Read what happens next.


Illustration by U.K. artist Luke Spooner
Luke’s website
Luke’s Facebook page

The talented Ira Heinichen

I first became aware of Ira’s work when I saw the book with the fantastic cover by Tom Edwards. Let’s face it’s the cover that sells the book and this one was very, very cool. It was for the first book of the Starstuff trilogy! The book is ready for you to read, right now (On kindle unlimited even!) I wondered at the time who the writer was, never thinking I’d meet him, and then had the pleasure to meet Ira and the missus at the Vegas convention. Believe me, again, he’s a charming and kind person and you’d love to meet him too. He took the time to answer a few questions for NPH so…hear what he has to share and enjoy!

part of the cover of book Startstuff

What’s your newest book that’s coming out?

I’m currently working on the second book in my scifi Starstuff Trilogy, called “Escape from Red Tower.” Very excited!

What made you decide to jump in, write your first book and go public?

You know, I can actually trace my desire to be a published author back to middle school. I was a huge Star Trek nerd, and I was huge into Star Trek books…so I started writing one of my own. I never finished it because I learned there were these little things called “submission guidelines” and I was breaking two or three of them with my story idea (of course!)…but that was just one stop on a long journey as a storyteller as I grew up.

Most recently I was writing screenplays, trying to break into writing for television and I had an idea for a novel. It was something I’d always wanted to come back to after halting the process all those years ago and never finishing…and I loved it. LOVED. IT. Writing prose, for me, is so much more satisfying than writing for the screen, they’re very different mediums, and it was around that time I started learning about self-publishing and all the possibilities and successes. I mean, people were making very healthy livings selling their own books, and that was something that really, really appealed to me.

So…I made the plunge. So happy I did.

What’s the hardest thing about your publishing journey so far?
Believe it or not, it’s been setting my regular writing routine. When I was writing my first book, I had very small goals for myself; three pages a day. I did that for just over 3 months, and I had my novel’s first draft written. Granted, it took me just over twice that long to revise and re-write it, but those small little bites each day were very easy for me to stick to, and the idea of writing a book a year was imminently doable.

Now that I know more about writing and publishing, I know just how FAST some of these self-pubb’d authors are, churning out a book a month, some of them more. I’m definitely one of those people that’s like “well, sh*t, if they can do it, I can do it,” and I tried to replicate that kind of output.

I failed.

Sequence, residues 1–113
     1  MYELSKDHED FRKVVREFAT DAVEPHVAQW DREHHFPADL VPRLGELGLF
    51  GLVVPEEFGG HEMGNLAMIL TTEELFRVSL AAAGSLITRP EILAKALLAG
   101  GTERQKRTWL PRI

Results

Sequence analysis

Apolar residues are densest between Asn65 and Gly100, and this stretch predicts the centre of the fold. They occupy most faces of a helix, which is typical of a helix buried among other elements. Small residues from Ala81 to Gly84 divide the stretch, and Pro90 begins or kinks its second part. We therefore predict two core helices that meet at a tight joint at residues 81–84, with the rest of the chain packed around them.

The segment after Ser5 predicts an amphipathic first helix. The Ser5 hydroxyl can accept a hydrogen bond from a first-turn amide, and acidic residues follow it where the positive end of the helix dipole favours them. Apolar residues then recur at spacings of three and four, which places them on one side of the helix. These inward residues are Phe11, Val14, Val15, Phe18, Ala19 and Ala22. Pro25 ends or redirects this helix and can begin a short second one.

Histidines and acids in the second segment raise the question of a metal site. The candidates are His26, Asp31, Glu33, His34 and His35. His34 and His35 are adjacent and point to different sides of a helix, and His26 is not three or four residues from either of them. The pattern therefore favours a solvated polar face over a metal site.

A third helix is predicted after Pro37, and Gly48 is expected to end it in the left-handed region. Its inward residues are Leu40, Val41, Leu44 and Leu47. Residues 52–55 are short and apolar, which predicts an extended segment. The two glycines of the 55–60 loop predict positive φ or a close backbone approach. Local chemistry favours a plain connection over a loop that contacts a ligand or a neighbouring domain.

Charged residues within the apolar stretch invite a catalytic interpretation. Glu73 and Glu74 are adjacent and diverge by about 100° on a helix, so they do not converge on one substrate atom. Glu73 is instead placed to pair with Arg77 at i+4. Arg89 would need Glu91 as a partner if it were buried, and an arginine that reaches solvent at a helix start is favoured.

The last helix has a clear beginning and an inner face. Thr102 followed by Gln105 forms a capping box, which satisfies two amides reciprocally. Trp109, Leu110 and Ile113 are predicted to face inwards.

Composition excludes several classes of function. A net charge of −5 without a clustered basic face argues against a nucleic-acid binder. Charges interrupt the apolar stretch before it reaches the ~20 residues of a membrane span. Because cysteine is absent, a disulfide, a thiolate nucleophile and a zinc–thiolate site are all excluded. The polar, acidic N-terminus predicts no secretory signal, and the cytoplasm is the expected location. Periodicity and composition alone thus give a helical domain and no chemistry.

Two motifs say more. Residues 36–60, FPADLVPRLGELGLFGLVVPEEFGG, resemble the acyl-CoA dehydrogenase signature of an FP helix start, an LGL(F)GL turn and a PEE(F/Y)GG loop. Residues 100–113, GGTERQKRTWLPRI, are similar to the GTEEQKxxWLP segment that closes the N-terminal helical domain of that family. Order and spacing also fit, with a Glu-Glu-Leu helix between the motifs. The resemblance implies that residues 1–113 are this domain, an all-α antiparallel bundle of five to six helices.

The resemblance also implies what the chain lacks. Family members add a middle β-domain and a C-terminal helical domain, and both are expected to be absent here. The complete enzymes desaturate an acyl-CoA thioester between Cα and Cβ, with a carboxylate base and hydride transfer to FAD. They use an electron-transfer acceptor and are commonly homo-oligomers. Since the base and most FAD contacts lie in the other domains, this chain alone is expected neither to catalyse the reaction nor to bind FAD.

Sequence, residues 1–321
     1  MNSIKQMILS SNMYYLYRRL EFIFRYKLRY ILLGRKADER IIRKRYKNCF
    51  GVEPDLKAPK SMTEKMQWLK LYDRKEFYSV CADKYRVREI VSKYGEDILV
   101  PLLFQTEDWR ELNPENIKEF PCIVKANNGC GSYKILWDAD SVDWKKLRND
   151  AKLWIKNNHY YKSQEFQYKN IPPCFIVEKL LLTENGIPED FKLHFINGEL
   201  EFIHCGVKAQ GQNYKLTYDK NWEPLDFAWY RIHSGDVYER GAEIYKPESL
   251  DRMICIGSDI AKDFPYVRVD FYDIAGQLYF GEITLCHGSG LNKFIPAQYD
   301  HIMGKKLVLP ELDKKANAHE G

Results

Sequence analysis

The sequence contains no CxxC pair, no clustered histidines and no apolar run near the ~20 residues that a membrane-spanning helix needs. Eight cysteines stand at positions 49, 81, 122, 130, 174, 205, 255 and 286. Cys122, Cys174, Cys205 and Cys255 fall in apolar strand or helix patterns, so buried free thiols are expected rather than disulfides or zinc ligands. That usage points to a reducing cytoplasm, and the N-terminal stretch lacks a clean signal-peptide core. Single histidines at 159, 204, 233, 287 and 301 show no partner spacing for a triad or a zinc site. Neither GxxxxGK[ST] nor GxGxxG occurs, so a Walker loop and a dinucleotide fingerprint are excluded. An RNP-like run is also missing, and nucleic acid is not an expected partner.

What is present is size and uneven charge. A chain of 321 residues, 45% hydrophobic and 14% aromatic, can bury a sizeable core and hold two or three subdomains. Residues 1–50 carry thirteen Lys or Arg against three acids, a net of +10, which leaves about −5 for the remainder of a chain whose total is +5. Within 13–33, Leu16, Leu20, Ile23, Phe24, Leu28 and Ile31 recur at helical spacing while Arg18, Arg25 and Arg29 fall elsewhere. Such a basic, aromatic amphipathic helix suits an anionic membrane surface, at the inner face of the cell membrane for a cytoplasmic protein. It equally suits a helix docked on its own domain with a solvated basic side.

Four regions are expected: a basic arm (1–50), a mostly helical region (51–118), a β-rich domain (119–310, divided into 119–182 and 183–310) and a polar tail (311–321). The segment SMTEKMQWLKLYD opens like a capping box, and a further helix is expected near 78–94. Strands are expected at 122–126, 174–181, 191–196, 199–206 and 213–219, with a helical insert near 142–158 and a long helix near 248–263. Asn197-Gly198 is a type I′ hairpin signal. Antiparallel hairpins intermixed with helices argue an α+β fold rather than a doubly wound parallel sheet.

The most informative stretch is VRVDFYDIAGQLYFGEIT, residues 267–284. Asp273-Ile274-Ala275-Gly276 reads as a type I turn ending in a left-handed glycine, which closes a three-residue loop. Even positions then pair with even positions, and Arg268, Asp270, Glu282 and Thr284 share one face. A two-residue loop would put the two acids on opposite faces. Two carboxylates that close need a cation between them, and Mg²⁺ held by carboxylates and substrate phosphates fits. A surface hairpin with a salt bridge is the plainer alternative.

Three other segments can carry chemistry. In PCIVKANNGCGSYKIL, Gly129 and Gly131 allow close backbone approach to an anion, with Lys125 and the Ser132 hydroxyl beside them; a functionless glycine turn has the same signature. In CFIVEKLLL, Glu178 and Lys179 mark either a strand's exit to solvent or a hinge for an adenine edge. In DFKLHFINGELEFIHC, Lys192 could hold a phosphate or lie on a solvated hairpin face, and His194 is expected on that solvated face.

I can’t write that fast yet. I may never be able to write that fast. I really like to work and re-work my stories; even though I write what the industry would consider being “genre fiction,” which has the reputation of being rather pulpy and not that sophisticated, I do have a passion for good well-executed storytelling, and I try as much as my skills will allow me to write such stories myself. And that takes time.

So, my current struggle as I write my second-ever book is really figuring out what exactly my writing process is on a daily basis, and how long all the aspects of that process take me. Once I feel comfortable with all that, I feel like I can really aim to go faster…but I’m not there yet.

What would you tell to someone who’s just starting?

First of all: DO IT. Write that book. If you *want* to write a book, you should *write* it. It’s an incredible process of self-expression and discovery.

My next piece of advice is for anybody who writes a book and wants to be a professional at it: figure out your process. Don’t put the cart before the horse and learn all there is to know about marketing and publishing or plan out a years’ worth of releases when you’ve only got one or two books out. Keep your headspace where it needs to be: on the writing. The writing is the most important thing. Everything comes from the writing. Everything.

What other creative outlets do you practice?

Other than write, I do a podcast called “Two Guys One Trek” – it’s a journey through the original Star Trek series from the 1960s with my long-time comedy partner, who’s never seen it — you only get to watch something for the first time once, and we do it live on microphones!

You can check it out at www.twoguysonetrek.com

Where can we find out more about and your projects?

You can find me, my books, and my daily blog on my website, www.iraheinichen.com.

Thank you so much!

Artist and writer Andrew Dobell

Andrew Dobell

Andrew Dobell does great artwork if you want a cover for your book you want Andrew (Let us give you a hint. Andrew has done the cover for our upcoming Urban Fantasy anthology, but more about that later). He also is a talented writer so when he let us know that he had a brand new book out. And On SALE (BOOK 1 folks, New Prometheus on sale for 99c between 10th and the 14th May)!We jumped at the chance to feature him in one of our blogs.

Continue reading “Artist and writer Andrew Dobell”